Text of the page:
Let's get into my game notes from this overwhelmingly positive performance.
- Let's start with the quarterback. Dak Prescott was tremendous yet again on Sunday night, and we're getting to the point where his sample size of positive play is too large to ignore. Prescott was 21 of 27 for 239 yards and a touchdown (and an interception as well), but he also had a rushing touchdown to add to his totals. Prescott has complete control of the offense, and even checked out of a negative box count to exploit the Eagles blitz look down in the red zone. He leads the league in QBR this season, and he is the unquestioned franchise quarterback of the Dallas Cowboys. As he should be.
- Sticking with praise on offense, Ezekiel Elliott looked like Zeke on Sunday night. From his very first carry you could tell Elliott was running with a different burst and energy than we'd seen in recent weeks, and he later ran right over Malcolm Jenkins to set up the team's second score of the game. Elliott was impossible to bring down all night, to the tune of 111 yards and a touchdown on 5 yards per carry.
- La'el Collins has been incredible this season, and Sunday was no different. The Cowboys recently extended right tackle shut Brandon Graham down for basically the entire night, and kept Prescott upright and comfortable in the pocket. Tyron Smith was clearly not healthy or himself on the other side, but the rest of this offensive line picked up the slack and had their best performance since the season opener.
- Connor Williams deserves a shoutout as well. He was getting off double teams to the second level and cutting linebackers off to clear rushing lanes for Zeke all night long.
- Defensively, the Cowboys had their best performance of 2019. They hadn't been able to force turnovers all season, but they came away with four in this week's win. Xavier Woods' interception of Wentz might've spoken the loudest, as it proved how good this defense can be when the game script is working in their favor. When things go according to plan early for this team, they have the talent to take total control and dominate.
- Jourdan Lewis was inserted into the starting lineup due to injury, and he was awesome from the opening snap. Lewis came away with a big sack on Caron Wentz and had 4 tackles overall as well. Byron Jones returned from the injury he suffered a week ago, and was back to his old shutdown ways. Jones is clearly the best cornerback on this team, and is one of the better corners in all of football. When he's healthy and playing as he did during Sunday's win, few have an argument over him.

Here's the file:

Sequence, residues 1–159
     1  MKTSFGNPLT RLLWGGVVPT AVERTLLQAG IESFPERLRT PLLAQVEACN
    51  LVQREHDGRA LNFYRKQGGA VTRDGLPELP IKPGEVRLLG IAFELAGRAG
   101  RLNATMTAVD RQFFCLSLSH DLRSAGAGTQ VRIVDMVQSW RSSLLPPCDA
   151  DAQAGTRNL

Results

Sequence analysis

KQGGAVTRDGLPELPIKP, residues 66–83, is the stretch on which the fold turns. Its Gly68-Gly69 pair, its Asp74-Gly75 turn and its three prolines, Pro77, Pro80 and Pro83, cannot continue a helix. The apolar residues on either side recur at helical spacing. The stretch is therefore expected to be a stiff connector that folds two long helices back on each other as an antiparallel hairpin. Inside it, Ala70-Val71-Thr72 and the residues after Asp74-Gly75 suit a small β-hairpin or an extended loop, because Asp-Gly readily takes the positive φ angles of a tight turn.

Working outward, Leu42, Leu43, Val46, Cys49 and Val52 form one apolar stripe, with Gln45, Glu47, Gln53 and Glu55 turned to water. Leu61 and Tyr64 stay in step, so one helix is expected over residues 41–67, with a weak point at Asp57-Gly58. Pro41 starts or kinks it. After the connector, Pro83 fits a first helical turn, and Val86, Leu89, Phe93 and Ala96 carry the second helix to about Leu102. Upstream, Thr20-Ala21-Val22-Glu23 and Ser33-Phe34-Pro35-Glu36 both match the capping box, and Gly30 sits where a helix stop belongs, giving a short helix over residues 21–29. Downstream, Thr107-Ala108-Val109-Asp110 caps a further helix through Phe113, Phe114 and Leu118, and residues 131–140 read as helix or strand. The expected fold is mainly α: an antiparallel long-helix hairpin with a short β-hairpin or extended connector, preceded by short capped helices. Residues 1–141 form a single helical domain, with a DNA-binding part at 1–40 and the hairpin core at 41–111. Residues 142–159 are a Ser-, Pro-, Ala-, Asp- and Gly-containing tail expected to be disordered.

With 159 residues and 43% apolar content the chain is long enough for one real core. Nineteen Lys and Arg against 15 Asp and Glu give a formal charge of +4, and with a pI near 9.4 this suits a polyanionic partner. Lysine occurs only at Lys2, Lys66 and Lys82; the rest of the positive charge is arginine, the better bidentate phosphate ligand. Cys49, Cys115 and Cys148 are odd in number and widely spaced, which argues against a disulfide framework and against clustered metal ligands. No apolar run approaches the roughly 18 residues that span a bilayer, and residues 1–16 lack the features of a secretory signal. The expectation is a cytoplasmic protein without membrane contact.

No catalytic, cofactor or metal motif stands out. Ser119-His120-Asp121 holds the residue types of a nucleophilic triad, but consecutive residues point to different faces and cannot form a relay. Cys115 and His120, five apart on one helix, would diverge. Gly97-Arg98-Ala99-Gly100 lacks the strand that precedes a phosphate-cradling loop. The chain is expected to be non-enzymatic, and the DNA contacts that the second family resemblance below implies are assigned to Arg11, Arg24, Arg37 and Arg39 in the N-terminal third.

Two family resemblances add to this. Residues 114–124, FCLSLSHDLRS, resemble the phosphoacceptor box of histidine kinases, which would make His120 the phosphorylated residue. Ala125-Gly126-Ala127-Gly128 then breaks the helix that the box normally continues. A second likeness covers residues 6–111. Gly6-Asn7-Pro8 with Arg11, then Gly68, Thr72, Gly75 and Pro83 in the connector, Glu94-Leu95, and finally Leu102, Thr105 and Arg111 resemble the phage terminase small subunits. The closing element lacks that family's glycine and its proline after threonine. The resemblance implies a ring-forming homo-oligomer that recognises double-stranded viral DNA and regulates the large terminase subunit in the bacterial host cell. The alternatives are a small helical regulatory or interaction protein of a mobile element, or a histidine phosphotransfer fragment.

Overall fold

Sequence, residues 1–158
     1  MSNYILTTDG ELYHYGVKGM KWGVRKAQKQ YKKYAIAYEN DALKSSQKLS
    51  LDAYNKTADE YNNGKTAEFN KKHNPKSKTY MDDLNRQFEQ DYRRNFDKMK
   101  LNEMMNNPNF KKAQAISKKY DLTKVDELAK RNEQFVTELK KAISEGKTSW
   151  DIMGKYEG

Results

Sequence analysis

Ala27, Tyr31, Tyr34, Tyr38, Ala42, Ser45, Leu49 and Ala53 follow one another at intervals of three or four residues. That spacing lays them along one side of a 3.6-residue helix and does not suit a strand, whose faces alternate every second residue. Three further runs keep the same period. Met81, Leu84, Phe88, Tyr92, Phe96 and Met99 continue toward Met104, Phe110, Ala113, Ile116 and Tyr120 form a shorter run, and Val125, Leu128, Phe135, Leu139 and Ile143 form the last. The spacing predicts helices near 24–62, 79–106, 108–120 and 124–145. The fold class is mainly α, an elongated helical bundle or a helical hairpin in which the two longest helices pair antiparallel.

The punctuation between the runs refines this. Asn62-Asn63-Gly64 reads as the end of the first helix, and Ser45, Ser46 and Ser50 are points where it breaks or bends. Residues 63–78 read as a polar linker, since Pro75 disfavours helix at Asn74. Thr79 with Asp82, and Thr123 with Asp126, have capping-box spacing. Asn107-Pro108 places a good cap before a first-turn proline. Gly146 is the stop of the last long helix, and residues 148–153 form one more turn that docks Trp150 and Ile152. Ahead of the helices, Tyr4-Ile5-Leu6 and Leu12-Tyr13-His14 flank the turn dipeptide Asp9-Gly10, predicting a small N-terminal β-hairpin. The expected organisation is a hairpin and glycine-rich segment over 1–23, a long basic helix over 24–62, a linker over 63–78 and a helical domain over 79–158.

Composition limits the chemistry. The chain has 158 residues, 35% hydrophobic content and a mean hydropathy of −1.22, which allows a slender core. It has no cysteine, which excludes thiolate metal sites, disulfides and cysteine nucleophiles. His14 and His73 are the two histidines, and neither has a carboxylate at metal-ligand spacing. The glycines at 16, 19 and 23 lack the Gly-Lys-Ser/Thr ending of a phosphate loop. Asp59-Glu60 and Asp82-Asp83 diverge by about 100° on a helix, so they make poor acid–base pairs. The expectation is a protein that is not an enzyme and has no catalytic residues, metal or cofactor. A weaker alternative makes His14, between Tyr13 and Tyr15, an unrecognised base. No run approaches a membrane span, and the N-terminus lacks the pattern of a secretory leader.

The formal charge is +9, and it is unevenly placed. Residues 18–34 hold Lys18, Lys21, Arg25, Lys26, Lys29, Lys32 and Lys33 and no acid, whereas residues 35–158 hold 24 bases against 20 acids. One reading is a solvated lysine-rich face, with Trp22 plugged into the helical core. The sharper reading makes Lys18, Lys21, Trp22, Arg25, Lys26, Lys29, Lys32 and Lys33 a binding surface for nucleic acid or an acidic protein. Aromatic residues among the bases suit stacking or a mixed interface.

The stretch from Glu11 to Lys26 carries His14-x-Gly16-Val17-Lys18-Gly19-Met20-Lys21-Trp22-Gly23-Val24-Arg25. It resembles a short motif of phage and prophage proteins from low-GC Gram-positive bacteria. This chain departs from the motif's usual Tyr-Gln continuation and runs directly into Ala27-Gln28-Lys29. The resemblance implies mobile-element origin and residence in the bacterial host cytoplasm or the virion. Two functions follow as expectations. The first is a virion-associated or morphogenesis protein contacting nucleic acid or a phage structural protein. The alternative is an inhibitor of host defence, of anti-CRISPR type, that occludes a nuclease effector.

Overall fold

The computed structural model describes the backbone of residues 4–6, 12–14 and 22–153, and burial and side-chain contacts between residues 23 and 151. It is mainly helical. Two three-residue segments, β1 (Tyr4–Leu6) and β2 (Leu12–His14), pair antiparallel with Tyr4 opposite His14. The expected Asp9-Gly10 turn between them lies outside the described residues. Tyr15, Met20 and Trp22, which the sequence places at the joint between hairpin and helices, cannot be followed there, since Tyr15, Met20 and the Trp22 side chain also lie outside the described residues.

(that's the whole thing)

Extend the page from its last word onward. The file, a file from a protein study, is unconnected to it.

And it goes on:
- DeMarcus Lawrence also had his best game of 2019, creating consistent pressure on Wentz throughout the night. His biggest play, of course, was his sack fumble which set the Cowboys up for a 14-0 lead just two possessions into the game. Lawrence has been taking a lot of heat from the fanbase in recent weeks, but he responded in a big way on Sunday.
- Those are the linebackers I remember from 2018. Jaylon Smith and Leighton Vander Esch were all over the field during this game, and Sean Lee had a pretty nice game as well once Vander Esch went down. Lee and Smith each finished with 7 tackles, and Smith forced the Eagles' first fumble of the night on their opening drive. Lee made a nice play on the ball on a late fourth down throw that easily could've been an interception as well.
Cowboys K Brett Maher’s 63-Yard Field Goal Sets New NFL Record
After hitting a 63-yard field goal last night in the Dallas Cowboys' win over the Philadelphia Eagles, Kicker Brett Maher now owns the NFL record for most field goal made at 60 yards or longer. It was the third 60-plus FG of his career and second so far this season.
Maher hit a 62-yarder last week in Dallas' loss to the New York Jets. That kick tied him with Sebastian Janikowski and Greg Zuerlein for having two career field goals of 60 or more.
Now Brett stands alone in that category. Last night's kick also was just one yard shy of Matt Prater's record for the NFL's longest field goal; Maher hit from 64 yards in 2013.
If Brett Maher ever gets a chance to kick in Denver, he may have a great shot at breaking Prater's record as well. According to NBC's data from last night, Maher's kick would have been good from 66 yards out.
It was a good night overall for the Cowboys kicker. Maher had two other makes from 26 and 29 yards.